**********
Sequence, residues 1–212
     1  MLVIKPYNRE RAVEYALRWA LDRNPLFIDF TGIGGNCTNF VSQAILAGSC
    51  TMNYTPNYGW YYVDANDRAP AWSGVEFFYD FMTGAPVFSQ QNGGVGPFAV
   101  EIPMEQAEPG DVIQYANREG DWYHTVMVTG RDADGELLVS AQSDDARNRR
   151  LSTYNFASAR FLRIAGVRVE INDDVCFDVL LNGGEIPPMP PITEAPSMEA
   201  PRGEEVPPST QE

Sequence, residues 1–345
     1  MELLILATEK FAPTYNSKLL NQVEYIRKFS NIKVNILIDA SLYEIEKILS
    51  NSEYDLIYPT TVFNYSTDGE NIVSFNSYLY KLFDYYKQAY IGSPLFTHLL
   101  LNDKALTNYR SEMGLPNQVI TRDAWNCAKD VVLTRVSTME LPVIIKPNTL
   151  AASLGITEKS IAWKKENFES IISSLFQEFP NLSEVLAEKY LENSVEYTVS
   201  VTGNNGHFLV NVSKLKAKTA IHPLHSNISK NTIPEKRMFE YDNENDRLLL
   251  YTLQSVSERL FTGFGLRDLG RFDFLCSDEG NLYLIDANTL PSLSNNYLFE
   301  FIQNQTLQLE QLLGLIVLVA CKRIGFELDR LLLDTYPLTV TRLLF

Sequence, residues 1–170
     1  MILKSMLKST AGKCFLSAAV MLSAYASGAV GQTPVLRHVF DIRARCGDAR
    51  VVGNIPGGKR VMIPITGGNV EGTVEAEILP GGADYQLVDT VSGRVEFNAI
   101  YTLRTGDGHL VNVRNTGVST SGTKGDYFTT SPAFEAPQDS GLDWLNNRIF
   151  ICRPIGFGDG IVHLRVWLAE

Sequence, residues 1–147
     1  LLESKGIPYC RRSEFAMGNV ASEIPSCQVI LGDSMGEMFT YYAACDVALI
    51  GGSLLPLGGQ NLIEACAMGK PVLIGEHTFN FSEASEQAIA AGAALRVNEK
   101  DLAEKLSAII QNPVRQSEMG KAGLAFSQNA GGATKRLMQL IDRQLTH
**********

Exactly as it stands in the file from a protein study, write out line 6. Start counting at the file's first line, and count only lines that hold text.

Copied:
   201  PRGEEVPPST QE